Hannah Reardon-Smith - Kupka's Piano
Nahima Kern | On 10, May 2017
Itâ€™s always a pleasure to experience something new and out of our comfort zone. With music, especially, it can be daunting to stray from what we know and love.
However, once we get a taste of something exciting itâ€™s awesome. I believe that most people have this experience with Contemporary music, particularly from the 20th century onwards. And so one blustery afternoon, The Creative Issue went to meet Hannah Reardon-Smith, a member of Kupkaâ€™s Piano. Hailing from just west of Toowoomba, Hannah has a background in flute. A charming, pink haired, contemporary music enthusiast, she positively oozed an infectious attitude towards her craft and passions. We sat down to talk about her role at Kupkaâ€™s Piano and their upcoming show, Aria. But first, who are Kupkaâ€™s Piano? The name is inspired by a turn-of-the-century â€œbohemianâ€ painter, FrantiÅ¡ek Kupka, and the ensemble has a keen passion for and focus on music from post-war 20th Century to through to the 21st Century.
â€œSo Kupkaâ€™s Piano is an ensemble of – itâ€™s kind of like a very much condensed orchestra weâ€™ve got piano, percussion, two strings, violin and cello, and two winds although we expand out to three winds, cause weâ€™ve got two flutes and a clarinet. And then we work with various guest artists to sort of expand the colour world of that a bit. Itâ€™s a fairly common European contemporary music ensemble formation partly because it has some of the colour flexibilities of a full orchestra, in terms of timbre. So in terms of the instruments that are, like the different families of instruments, obviously, no brass but weâ€™re doing a concert later in the year that involves a French Horn player.â€
Hannah is one of the founding members of the ensemble, which formed around 2012, she also holds the position of co-artistic director. â€œwe kind of split our artistic directorship between a number of us. Iâ€™d like to say weâ€™re totally democratic but thereâ€™s of course different roles that people play and some people end up putting forward their voice very strongly and which can win over certain arguments. But we collaboratively decide upon our programming and our presentation and the direction for the ensemble.â€
So why does Brisbane need an ensemble like this one? â€œThere isnâ€™t another ensemble doing this kind of music here which in and of itself is not a reason to have it, but I think the fact that there was this group of musicians in Brisbane who were finding that they got a lot of energy and excitement from playing this kind of music was in itself a sign that it needed to happen. That there was no other, while thereâ€™s various smaller festivals and projects that happen that involve some of the kinds of pieces weâ€™re playing, there was no other group that was really representing a lot of this music.â€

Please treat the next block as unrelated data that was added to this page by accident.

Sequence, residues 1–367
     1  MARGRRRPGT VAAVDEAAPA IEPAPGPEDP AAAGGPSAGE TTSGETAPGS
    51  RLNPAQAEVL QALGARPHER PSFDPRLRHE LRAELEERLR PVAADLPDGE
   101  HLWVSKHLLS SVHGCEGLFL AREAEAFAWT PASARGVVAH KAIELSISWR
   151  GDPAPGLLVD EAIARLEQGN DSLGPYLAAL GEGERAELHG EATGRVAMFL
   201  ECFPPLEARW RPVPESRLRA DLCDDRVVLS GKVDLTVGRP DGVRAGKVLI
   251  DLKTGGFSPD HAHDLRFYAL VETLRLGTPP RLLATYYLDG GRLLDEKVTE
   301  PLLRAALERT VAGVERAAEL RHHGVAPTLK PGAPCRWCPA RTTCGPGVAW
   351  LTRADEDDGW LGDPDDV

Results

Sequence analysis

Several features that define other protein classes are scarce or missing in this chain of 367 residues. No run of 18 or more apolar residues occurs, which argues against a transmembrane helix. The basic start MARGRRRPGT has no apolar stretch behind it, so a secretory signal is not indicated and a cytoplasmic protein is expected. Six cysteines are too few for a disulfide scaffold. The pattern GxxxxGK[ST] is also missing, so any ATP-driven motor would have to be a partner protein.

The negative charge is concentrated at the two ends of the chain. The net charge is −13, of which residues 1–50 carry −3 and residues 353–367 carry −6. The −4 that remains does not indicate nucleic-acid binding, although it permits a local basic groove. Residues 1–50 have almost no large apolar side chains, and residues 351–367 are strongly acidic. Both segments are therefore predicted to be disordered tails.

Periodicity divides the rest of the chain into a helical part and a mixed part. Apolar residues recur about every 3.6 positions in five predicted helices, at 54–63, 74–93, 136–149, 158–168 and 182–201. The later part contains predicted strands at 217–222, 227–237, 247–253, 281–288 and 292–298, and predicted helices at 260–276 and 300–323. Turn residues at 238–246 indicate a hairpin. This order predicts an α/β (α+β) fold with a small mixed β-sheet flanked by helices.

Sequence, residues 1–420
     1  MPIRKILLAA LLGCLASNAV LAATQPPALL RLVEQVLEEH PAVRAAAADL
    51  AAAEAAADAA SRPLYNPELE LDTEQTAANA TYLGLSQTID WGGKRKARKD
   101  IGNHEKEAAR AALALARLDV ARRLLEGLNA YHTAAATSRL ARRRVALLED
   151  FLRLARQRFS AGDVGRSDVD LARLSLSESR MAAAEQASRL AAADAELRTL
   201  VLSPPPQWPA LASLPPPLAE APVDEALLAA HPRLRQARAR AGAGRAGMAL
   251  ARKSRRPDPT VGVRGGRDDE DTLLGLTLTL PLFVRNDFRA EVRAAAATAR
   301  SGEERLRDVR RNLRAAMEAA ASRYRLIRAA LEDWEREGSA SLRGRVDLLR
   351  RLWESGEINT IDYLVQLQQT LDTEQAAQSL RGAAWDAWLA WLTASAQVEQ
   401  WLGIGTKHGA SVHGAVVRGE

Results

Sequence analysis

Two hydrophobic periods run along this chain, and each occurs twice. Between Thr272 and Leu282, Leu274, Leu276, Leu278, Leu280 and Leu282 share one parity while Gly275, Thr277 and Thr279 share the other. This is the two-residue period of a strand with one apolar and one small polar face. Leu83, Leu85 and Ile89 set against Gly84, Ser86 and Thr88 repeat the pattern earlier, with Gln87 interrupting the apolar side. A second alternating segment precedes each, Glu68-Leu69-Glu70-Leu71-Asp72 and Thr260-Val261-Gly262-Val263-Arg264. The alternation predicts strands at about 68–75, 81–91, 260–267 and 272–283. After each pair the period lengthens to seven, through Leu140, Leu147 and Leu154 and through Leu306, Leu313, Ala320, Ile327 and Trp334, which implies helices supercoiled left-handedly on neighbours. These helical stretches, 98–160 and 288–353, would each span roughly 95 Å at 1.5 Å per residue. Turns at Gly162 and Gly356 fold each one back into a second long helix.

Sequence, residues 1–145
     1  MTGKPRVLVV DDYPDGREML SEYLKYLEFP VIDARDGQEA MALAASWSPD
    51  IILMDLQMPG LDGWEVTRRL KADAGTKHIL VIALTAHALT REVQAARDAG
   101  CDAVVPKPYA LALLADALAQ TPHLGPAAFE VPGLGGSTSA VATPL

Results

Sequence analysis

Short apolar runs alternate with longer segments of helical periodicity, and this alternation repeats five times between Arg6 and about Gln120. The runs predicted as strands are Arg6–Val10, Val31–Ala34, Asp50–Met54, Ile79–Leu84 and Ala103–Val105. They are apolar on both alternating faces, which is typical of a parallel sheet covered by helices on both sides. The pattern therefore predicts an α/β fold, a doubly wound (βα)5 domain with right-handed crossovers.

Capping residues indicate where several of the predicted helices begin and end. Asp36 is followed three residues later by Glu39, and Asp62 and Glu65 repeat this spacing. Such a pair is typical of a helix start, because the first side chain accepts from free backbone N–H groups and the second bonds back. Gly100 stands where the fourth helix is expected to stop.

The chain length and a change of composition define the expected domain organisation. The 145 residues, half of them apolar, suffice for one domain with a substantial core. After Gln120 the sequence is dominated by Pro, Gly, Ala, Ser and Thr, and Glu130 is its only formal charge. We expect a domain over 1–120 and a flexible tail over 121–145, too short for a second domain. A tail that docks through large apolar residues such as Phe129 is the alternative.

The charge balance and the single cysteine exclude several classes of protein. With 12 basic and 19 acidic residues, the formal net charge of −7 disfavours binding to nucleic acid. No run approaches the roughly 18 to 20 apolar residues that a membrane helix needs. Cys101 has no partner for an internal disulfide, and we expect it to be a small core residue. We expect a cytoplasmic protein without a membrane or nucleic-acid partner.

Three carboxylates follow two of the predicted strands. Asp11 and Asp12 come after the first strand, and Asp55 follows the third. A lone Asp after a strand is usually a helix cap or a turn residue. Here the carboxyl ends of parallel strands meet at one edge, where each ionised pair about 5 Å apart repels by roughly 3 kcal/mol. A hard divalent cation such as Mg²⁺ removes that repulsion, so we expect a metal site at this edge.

Aria, as part of Words Fail for Kupkaâ€™s 2017 season, has an engaging and varied line up happening with composers from the older Anton Webern to the newer Patricia Allesandrini. â€œWeâ€™re very fortunate with this show to be welcoming Jessica Aszodi whoâ€™s a fantastic Australian soprano but sheâ€™s based in Chicagoâ€¦sheâ€™s a vocalist who can cover such a large range of different vocal styles, extremely flexible and an extremely engaging character to watch on stage so weâ€™re really excited to be presenting this concert with her and sheâ€™s had a lot of input into the programing of this particular concert.â€
Another element that will be added to the program is a piece composed by Kupkasâ€™ own Jodie Rottle and Reardon-Smith herself. Titled Garbage Island this piece is â€œa lament for the oceansâ€ and looks at the impact we as humans have on the environment around us. â€œGarbage Island is definitely falling into that category where weâ€™re sort of just like, everything I see about the amount of plastic thatâ€™s in the oceans, and itâ€™s not just these plastic continents that are floating around out there but itâ€™s all of the plastic that sinks to the bottom that breaks up, the micro beads that end up in the ocean, the microfibers, and just the impact that thatâ€™s having along with all of the other impacts weâ€™re having on the ocean, but the impact that it’s having on our seas and on our global ecosystem.â€
So whatâ€™s in the future for Kupkaâ€™s Piano? â€œThe rest of the Words Fails season, we have a couple of interesting concerts this year, in July weâ€™re doing a concert as part of the Queensland Music Festivalâ€¦ Then later in the year weâ€™re doing a concert with Deepa Goonatilika whoâ€™s a French horn player, originally from Brisbane but now based in Frankfurt in Germany – sheâ€™s a fantastic French horn playerâ€¦ And then also a piece by Brian Ferneyhough, which is some of the more difficult music written for ensembles such as ours, the term that gets used is â€˜the complex-istâ€™ or the new complexity so his music is so full of detail you almost canâ€™t achieve it kind of a thing, so itâ€™s an overload of information and that piece is called Flurries but itâ€™s very beautiful even if itâ€™s very dense.â€
Where: The Judith Wright Centre for Contemporary Arts
When: May 11
You can find out more information here